Adventure Driven Talk

Tech Questions and How-To Articles => Mitsubishi Related => Topic started by: Shovel on March 15, 2018, 11:15:45 AM

Title: Got a ticking sound?
Post by: Shovel on March 15, 2018, 11:15:45 AM
I don't..    but I've heard a few other Mitsu V6's ticking and from searching the internet it appears to be a really common result as these engines get a lot of miles and years on them.

Almost 20 years ago I remember somebody from the old forums had found a Mitsubishi-authored procedure for ensuring the hydraulic lash adjusters were bled free of air, and potentially de-gacked of gack accretion..    and I was reminded to go look for it by reading another person remarking on their incessant lifter tick in a laissez-faire "just gonna live with it" sort of way.   

You don't have to live with it! 

For the sake of brevity it can be said that lifter tick on the Mitsu V6 engines (3.0 and 3.5) usually comes down to one (or more) of three things:

So the first one sucks, but it's really not common on an engine that hasn't been just absolutely neglected.     I saw one where a head gasket leak had let water into the oil,  then it sat for a long time and the water that gathered in the cam galleys had galled out the cams..   but that's really not a concern in vehicles which haven't had those kind of circumstances. 

The other two you can fix.   

Here is a quote from Doug Miller,  sourced on The Wire forums 18 years ago:

On the 3.5 and (I believe) the 3.0 V6's as well, there is a device in the valve train called a valve lash adjuster (VLA). This device is like a little piston and cylinder filled with oil. It is different from a hydraulic lifter, and functions to keep the slack in the valve train to a minimum as the engine ages. The VLA has a little ball valve held in place by a spring, and uses oil pressure to take in oil and place constant pressure on its valve. Dirty oil from even several oil changes ago (or a previous owner) can leave particles in the ball valve that hinder its ability to remain pressurized. This leaves slack in the system and you hear it as clicking. It is also caused by getting air bubbles past the check valve that is now stuck at the top of the little cylinder, unable to leave via the ball valve at the bottom.

SYMPTOMS: A valve train clatter on startup that does not go away when the engine is warmed. If it goes away, this is not your problem.

Doug goes on with the likeliest causes:


    Low oil - now or previously.

    Dirty oil - now or previously.

    High oil - now or previously (con rods slap the too high oil and "foam" it). Note that high oil can be caused by coolant contamination from a blown gasket, not just by overzealous owners. Parking on a steep hill - now or previously. With the engine off, this encourages the VLA to drain its oil (running steep hills are not a problem, unless it's so steep the oil is getting "foamed" by the con rods).

    Parking for long periods - now or previously. Over time they'll drain.

And finally, the fix:

Now that I've made you all paranoid, here's the laughably simple fix. The VLA's were designed to respond to a pattern of gentle revving to flush the oil out of the little cylinders (those clever Mitsu engineers, eh?)

    Warm up the engine.

    With the engine in neutral, gently rev it from idle to 3000rpm over a period of exactly 15 seconds. Your goal is a constant gradual increase to 3000rpm. At the 15 second mark, drop the throttle (foot off the gas) to idle. Now let it idle for 15 seconds to complete one 30 second cycle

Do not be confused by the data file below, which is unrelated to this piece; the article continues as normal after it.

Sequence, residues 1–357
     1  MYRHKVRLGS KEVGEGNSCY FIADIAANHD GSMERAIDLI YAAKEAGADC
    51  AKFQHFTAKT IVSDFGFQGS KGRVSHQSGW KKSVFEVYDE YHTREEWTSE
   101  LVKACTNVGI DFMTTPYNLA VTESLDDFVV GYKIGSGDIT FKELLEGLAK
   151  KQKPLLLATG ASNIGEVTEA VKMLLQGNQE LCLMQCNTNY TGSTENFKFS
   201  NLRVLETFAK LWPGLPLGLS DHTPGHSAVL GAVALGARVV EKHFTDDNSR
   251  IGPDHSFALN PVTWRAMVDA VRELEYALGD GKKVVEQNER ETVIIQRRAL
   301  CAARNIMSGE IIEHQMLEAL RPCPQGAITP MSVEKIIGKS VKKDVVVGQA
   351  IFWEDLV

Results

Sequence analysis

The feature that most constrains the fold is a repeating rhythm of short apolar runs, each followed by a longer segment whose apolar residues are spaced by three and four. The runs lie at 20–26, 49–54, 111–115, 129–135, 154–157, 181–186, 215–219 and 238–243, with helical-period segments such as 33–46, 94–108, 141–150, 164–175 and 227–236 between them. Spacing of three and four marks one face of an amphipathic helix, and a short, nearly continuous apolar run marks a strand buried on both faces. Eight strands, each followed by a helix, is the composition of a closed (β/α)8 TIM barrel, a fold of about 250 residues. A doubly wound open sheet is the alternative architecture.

Repeat the 30 second cycle in #2 from 10 to 30 times. If the problem persists after 30 cycles, this is not your problem. It fixed mine after only 5 cycles - total silence.

So, that process presumably works to "pump" the oil through the adjusters and release trapped air or gack from them.     

I have a vague memory of someone mentioning that the above process is actually one published by Mitsubishi for their service technicians...   does anyone know more about that?    I would love to be able to present the real document (or have a reference number to share if copyright prevents actually publishing a scan of it)   

The following is my opinion and as I am just some guy on the internet,  you should always make your own decisions about your own actions and all that mumbo-jumbo.     

Since we know that another cause of this tick can be from gunk accumulation - either dirt accumulation or the accretion of oil decomposition byproducts (varnishes, waxes, etc) - it might be advisable to look into a high solvency oil cleaning additive and follow the directions on that product to assist in decomposing and eliminating those accumulations of gack.     I personally would use Marvel Mystery Oil for this as it has a long history of safe use in crankcases,  its low viscosity would presumably help with oil velocity and penetration of all the crannies,  it's available everywhere and all that.       I also personally choose to monitor my oil visually and change it at fairly frequent intervals (by today's standards) because oil is cheaper than a new engine..   

Title: Re: Got a ticking sound?
Post by: Funf on March 15, 2018, 01:09:06 PM
In the 1996 Montero FSM, page 11A-11 (3.0L V6) and 11C-12 (3.5L V6) describes this process under Lash Adjuster Check.

Also, here is a link I saved with further diagnostics regarding to the issue if the revving doesn't cure the issue.

Title: Re: Got a ticking sound?
Post by: Funf on March 15, 2018, 03:09:04 PM
l also found a TSB on it, saying basically the same thing.

MMSA TSB-95-11-001 - Valve Noise at Start-Up
* MMSA TSB-95-11-001 - Valve Noise at Start-Up.pdf
Title: Re: Got a ticking sound?
Post by: magoh on March 21, 2018, 06:45:22 PM
Thank you Shovel and Funf. I remember reading this somewhere before but it's good to be reminded and to know it's an official procedure.